The Jerusalem Post

Our nerve center


When people ask me what is the most exciting technology I’ve ever seen, or what sector of tech I think has the brightest future, I consistent­ly say it’s the way we interact with our devices, which in my opinion, is going to fundamenta­lly change in the next few years.

Think about how primitive it is that we use a mouse to interact with a computer or that we stare at a big slab of glass all day to interact with our phones. Some of the technologi­es that will change the way we interact with computers include virtual reality, augmented reality and mixed reality, but those are topics for another time.

This field of human computer interactio­n is, of course, magnified in importance when we talk about driving. Yes, I realize that no one should be texting and driving, but as we see from the numbers, people use their phones regularly when they’re behind the wheel. It’s sad, but it’s true.

Along comes an Israeli company called Inpris – that I’ve been following for a long time – and says, “Maybe instead of telling people to not use their phones, which clearly doesn’t work, perhaps it’s time to let us interact with our phones in a safe way while never taking our eyes off the road.”

Our smartphone has become our nerve center.

Many of us want to stay connected while driving, but we all understand that phones create distracted driving. The US National Safety Council estimates that one quarter of all car accidents are related to phone use. In Israel, the Transporta­tion Ministry recently estimated that number to be half of all car accidents. That is a truly insane statistic.

This is also a huge financial problem. US employers lost almost $57 billion in 2018 as a result of car accidents.

This begs the question: Why do we still have this problem when in-car infotainme­nt systems are becoming more and more advanced, and voice assistants are widely used? Why are people still touching their phones when driving?

Well, it turns out that not only do voice assistants not reduce distractio­ns, researcher­s found that AndroidAut­o and Apple CarPlay can actually be more dangerous than drinking and driving! This is true because they create a high cognitive workload for the driver.

That explains why distractio­n-related car accidents aren’t dropping despite (or should we say because of) the increase of connected services in cars.

Recently, there have been many more initiative­s to ban smartphone use while driving altogether, suggesting that we should turn the wheel back to the ‘80s and stop being connected while driving. There has to be a better way.

Inpris believes that technology’s role is to enable us, not to limit our abilities. If the current technologi­es failed in creating a safe connectivi­ty environmen­t, it doesn’t mean that connectivi­ty is a bad thing, but that we need an alternate connectivi­ty solution.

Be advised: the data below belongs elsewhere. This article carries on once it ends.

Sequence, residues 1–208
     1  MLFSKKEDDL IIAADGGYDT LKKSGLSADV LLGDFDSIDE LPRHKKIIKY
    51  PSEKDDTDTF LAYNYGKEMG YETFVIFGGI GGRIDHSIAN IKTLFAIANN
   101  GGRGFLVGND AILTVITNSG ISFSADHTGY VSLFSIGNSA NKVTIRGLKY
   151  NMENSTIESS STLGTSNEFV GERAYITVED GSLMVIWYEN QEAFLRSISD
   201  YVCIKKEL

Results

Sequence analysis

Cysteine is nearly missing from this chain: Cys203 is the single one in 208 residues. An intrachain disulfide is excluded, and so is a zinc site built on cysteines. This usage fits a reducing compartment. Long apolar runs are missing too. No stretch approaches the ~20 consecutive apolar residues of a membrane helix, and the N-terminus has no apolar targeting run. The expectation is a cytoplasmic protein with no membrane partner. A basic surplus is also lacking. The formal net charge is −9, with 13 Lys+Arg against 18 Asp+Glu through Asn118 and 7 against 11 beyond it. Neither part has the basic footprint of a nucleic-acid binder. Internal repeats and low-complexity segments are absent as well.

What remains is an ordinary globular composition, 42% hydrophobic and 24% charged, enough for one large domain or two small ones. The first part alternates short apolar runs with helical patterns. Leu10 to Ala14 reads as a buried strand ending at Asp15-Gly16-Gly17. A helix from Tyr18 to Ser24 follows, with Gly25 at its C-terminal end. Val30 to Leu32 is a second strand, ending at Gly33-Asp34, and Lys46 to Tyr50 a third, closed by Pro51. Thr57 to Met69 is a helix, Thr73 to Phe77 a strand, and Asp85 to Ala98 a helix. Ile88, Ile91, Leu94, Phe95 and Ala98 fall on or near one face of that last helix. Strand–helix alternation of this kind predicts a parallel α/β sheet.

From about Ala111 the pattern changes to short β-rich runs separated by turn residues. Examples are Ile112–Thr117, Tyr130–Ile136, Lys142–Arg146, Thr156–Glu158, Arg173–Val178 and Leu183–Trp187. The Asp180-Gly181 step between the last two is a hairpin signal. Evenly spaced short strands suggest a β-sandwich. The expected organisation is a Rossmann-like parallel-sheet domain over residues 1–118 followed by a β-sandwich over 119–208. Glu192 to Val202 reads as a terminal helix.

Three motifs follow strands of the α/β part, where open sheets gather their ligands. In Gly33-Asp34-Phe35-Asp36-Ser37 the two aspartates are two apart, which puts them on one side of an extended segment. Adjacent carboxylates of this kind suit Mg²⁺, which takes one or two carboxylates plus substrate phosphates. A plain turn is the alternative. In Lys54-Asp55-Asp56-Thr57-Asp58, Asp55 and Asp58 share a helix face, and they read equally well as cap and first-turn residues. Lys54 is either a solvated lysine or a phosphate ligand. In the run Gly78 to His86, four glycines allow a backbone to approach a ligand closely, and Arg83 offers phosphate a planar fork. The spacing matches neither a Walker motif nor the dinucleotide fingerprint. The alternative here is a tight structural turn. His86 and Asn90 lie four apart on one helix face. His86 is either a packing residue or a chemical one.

Inpris produced the world’s first mobile (portable) infotainme­nt system, which works completely differentl­y than anything you’ve seen before.

WHEN WE work out or play music, our bodies learn the movements and store them in the back of our brains, enabling us to multi-task while making those movements. That’s called muscle memory.

Inpris utilizes muscle memory with machine-learning algorithms to enable sightless control of the phone’s applicatio­ns as if they were any other driving-related task. By using Inpris technology repeatedly, your body will learn how to create macro commands on your phone without thinking. So how does the system work? The buttons you know from your steering wheel operate analogue commands such as changing the radio’s volume or turning the lights off, but they don’t help much with controllin­g the apps on your phone.

However, Inpris’s mobile infotainme­nt system brings back the tactile feel of the buttons, but for controllin­g the applicatio­ns on the phone.

Using Inpris’s system, you can start a desirable playlist on Spotify, then launch a navigation command, skip to the next song on the playlist, call a favorite contact, jump back to the navigation app during the call, switch to another destinatio­n, change to an online radio station, launch a camera app and take a snapshot, then send a WhatsApp message and go back to the navigation screen.

Sounds risky and complicate­d, right?

The driver can do all of that at lightning speed, without touching the phone or stopping music, and without taking their eyes off the road or their hands off the wheel.

An AI algorithm enhances your productivi­ty over time, anticipati­ng your next move, making it ready for a fast and easy operation.

It doesn’t end there. By letting the driver provide context before stating the voice command, the system calibrates to the required feature before the driver says the command.